How To Start a Fire in the Woods

by Richard G – How To Start a Fire in the Woods

Fire and Life

campfireNo discover since the beginning of time has been more important to the development of mankind, then the discovery of Fire. The simple presence of a fire added to the routinely “normal” day in the outdoors instantly adds the feeling of safety to any situation. In any severe or extreme condition, the presence of fire, literally means life. There are many ways to start a fire. They all have the same effect. The Boy Scout Handbook states, “A fire can warm you, cook your meals, and dry your clothes. Bright flames lift your spirits on rainy mornings.

On a starry night, glowing embers stir your imagination.”  The base items needed to build all fires are, Tinder, Kindling and Fuel. Each of these must be collected and be prepared before any attempt to build the fire. These three items are common to all fires. Tinder is material that catch fire easily and burn fast. Wood shavings, pine needles, dry grasses, shredded bark and the fluff from seed pods all make good tinder. You should gather enough to fill a hat. Kindling is dry, dead twigs no thicker than a pencil.

Gather enough to fill a hat twice. Fuel, fuel wood can be as thin as your finger or as thick as your arm. Gather dry dead sticks and limbs. When gathering fuel wood remember these three rules. One, you must always have at least 3 sticks in the fire at a time or it will go out. Two, if you want to burn one, 3” stick, you need to have three 1” sticks burning first. Three, gather twice as much fuel wood then you think you’ll need. Once you have all of these items collected you are ready to begin building your fire.

In every case covered below you will use your “source” to ignite the tinder, which will ignite the kindling, which will ignite the fuel wood. The effect is always the same regardless of the cause of the initial item(s) used to generate the initial ember, spark or flame that actually starts the fire as these take many forms.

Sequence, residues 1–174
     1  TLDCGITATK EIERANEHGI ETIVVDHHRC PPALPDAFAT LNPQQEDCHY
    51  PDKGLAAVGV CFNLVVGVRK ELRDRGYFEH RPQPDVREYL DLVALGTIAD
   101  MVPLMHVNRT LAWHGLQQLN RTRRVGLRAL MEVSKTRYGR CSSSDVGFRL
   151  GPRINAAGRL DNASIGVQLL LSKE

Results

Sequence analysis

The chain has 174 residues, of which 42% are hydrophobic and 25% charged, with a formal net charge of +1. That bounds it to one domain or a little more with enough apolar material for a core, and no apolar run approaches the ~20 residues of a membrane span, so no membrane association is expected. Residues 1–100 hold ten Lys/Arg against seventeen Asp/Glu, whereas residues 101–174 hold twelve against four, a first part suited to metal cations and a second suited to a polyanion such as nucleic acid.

Most Common Igniters

The most common and easiest items used to start fires are matches and cigarette lighters. Matches work by striking them against a special surface in order to get them to ignite. The match heads contain sulfur (sometimes antimony III sulfide) and oxidizing agents (usually potassium chlorate), with powdered glass, colorants, fillers, and a binder made of glue and starch.

The striking surface consists of powdered glass or silica (sand), red phosphorus, binder, and filler. When you strike a safety match, the glass-on-glass friction generates heat, converting a small amount of red phosphorus to white phosphorus vapor. White phosphorus spontaneously ignites, decomposing potassium chlorate and liberating oxygen. At this point, the sulfur starts to burn, which ignites the wood of the match. (

Cigarette lighters work by rotating a steel wheel that is in contact with a flint. When the wheel is turned the flint produces a spark which ignites the stored fuel in the lighter creating a flame.

Either of these when applied to the Tinder will result in a fire being started.

Metal Fire Starters

Magnesium and flint fire starters are also very common. A piece of flint approximately 1/8” x 3” will be attached to a piece of magnesium that is approximately 5/8” x 1” x 3”. It works by scraping a small amount of the magnesium from the block onto your tinder. (Magnesium burns at 5000 degrees Fahrenheit.) You then want to strike the flint in a manner to create a spark that will be thrown into the magnesium and tinder.

This is done by holding the bottom of your knife blade directly over the tinder and magnesium. You then place the top rear portion of the starter against your knife blade. Then holding the fire starter firmly with under your knife blade you draw the started backward quickly.

This produces a spark that flies forward from you knife blade into the tinder and magnesium. If you attempt the hold the starter still and create the spark by moving you knife forward across the starter you will most likely know the tinder all over the place.

Wet Weather Starters

Wet weather creates a particular challenge when trying to start a fire. I have found that taking cotton balls and coating them with Vaseline works wonderfully in wet weather. You can fit about 10 coated cotton balls in a 35mm film can. They work by removing one cotton ball from the can and stretching it out until the cotton ball is very thin. Using any of the above methods to light the cotton ball will result in a small steady flame that will burn upwards to 8 minutes.

Lightning was probably the cause of the first fire that man every got to enjoy. If you have got the time, lightning may start your next fire for you too. Otherwise it would be smart to be prepared with a few of the items listed here to help you build you next fire. It could well mean the difference between life and death for you.

How To Stockpile Animal Traps and Related Gear To Supplement Your Survival Food Storage Now And Post Collapse

A supply of animal traps for foraging could mean the difference between life and death to the survivor